Warrington Disability Partnership

Life can leave you breathless......

I watched a film tonight. It wasn't easy to watch. "You're Not You" stars Hilary Swank at her mesmerising best and a relative newcomer, actress and sometime singer Emmy Rossum. The film is essentially about "loss". Hilary Swank plays Kate, a hugely talented musician who acquires a disability in her late thirties. Motor Neurone Disease or as it's often known in the United States, "ALS", gradually robs Kate of her ability to play the piano, of independence in a way some might see the meaning of the word, and eventually, of breath itself.

Yes it wasn't always a comfortable watch but this was also a film that somehow managed to get across a number of messages, it demands an audience for the simple yet often misunderstood message that when we look at each other it really is important to try and see the person inside, not their exterior shell. This is hardly a shattering revelation. Many have championed such understanding, tried to explain why it matters, and my thoughts here are I guess just more on the same theme. "Kate" had the resources to live with her disability in a relatively independent fashion. She railed against the way most around her, even those closest, quickly appeared to stop seeing her, but instead only saw the disability, the disease, the coping mechanisms, the routines, the care package.

Emmy Rossum as Kate's manic but thoughtful carer was young, intuitive, and not burdened by such tunnel vision. She saw Kate not ALS but handled the latter in a practical & unfussy way that kept the focus on a blossoming respect, friendship, and most of all, on the "person" not the manifestation of a particularly harsh and ultimately unbeatable disease. Kate had a life cut short by an acquired disability. It took her life, a life of amazing achievement and talent, and guts.

It will similarly take Kings and Queens, rich and poor, good and bad. The disease like many others of its type knows no discrimination. It doesn't see worthy or unworthy. It just sees people. Kate was one minute part of everything that's apparently "right" about society and the next a burden not a person. Hilary Swank portrays someone who, but for the destructive power of her disease, wants to scream "see me I'm just like you". The film left me with this feeling that actually there is more than one message in this "see me not the disease or disability" thing. It's a wider message about a society that's turning its back on just about anyone who needs, well, ANY kind of help, short or long term. There's a genuine sense of a whole swathe of people being cut adrift.

Of course this has to be an OTT assessment, doesn't it ? Showing my low key politics ? I'm not sure the thousands damaged by the destruction of the Independent Living Fund (ILF) would agree. So here's the thing.....how do you measure the way a society values people ? Forget the arguments about who will manage the economy best, devolution, Europe in or out, Immigration et al. For me it's about how we look after each other, how we treat older people, disabled individuals, those that need support and help from time to time and how we respect the opinions we all have......a romantic notion? Maybe.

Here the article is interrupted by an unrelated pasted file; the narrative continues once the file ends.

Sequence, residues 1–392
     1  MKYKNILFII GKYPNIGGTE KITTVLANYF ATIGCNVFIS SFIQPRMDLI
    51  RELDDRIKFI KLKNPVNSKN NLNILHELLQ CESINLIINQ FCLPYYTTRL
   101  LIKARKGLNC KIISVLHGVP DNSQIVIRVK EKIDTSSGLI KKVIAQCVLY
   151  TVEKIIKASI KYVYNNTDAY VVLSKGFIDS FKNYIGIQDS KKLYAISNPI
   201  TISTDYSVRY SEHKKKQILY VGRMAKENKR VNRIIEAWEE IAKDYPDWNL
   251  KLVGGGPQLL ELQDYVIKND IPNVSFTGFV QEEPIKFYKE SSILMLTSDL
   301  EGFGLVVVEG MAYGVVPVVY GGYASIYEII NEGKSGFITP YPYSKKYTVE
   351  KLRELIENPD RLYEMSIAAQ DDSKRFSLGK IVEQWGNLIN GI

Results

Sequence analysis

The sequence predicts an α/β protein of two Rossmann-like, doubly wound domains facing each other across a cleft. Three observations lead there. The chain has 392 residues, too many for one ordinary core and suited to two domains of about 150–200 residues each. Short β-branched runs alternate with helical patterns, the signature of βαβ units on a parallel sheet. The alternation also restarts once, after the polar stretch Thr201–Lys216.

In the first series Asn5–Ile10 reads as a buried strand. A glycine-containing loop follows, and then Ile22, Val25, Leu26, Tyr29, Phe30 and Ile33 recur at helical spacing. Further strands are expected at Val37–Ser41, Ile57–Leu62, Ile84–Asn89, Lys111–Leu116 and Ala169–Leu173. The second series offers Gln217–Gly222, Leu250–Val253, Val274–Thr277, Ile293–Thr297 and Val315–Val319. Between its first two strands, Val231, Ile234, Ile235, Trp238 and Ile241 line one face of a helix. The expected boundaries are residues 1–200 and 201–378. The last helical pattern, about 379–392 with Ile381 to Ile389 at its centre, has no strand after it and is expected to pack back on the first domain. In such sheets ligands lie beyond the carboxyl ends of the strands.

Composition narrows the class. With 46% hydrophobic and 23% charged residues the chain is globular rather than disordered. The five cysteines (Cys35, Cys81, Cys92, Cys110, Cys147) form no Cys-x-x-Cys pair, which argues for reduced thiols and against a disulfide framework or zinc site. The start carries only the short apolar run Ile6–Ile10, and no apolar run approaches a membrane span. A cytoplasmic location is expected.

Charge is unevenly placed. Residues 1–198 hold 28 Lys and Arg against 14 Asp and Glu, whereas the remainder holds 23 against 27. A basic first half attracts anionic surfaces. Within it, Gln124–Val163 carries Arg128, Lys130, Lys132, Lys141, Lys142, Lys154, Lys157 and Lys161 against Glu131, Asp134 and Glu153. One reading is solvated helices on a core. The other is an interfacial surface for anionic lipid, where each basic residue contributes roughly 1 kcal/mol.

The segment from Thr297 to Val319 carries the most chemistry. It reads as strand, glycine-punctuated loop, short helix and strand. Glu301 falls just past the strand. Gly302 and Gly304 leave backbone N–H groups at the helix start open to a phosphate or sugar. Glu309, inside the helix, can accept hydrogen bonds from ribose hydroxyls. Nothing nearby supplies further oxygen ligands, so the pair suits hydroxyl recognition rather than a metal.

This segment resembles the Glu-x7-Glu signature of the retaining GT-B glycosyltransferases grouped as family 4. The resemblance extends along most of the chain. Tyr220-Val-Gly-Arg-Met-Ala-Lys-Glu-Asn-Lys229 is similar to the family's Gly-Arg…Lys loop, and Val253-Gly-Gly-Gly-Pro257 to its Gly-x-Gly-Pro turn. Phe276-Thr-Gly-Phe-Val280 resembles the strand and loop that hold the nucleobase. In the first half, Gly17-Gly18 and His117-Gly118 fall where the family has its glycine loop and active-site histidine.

But as I get older and not that much wiser I do have a heightened sense that turning your back on anyone who might impact the rate of tax you pay isn't the way to go. More than that, even if it costs, enabling some of the most severely disabled people in our society to live independently, to make their contribution in our communities.....that's the way to go and that's important because it really is about seeing the person not the impairment. Those who have experienced the need for this level of support understand why it matters. Those that don't understand are usually those who have, luckily, little experience of any significant health issue in their lives but somehow have over the last few years built a wall around their world that keeps out nasty stuff like reality and honestly believe "nothing like that can ever happen to me"....

I'm sure our society has to change its approach. I'm sure you cannot abandon a million people to foodbanks in a rich country like the UK. I'm sure it will backfire on the "I'm ok so the rest of you get lost" folk out there. But how to effect the change we need I'm honestly struggling to understand. Yet if more people watch Hilary Swank in "Your Not You" they might just get it, and start to see the person not a "type" or a "number" or a "disease" or "disability" or "benefit recipient". How good would that be.....

Cheers, Mark

About the author

Mark Wilson was a trustee on the WDP Board for five years, and a social media management lead until 1st May 2017. Mark's personal blogging website, The Blue Badge Blog, covers a wide range of disability issues, particularly accessible travel.

28th February 2016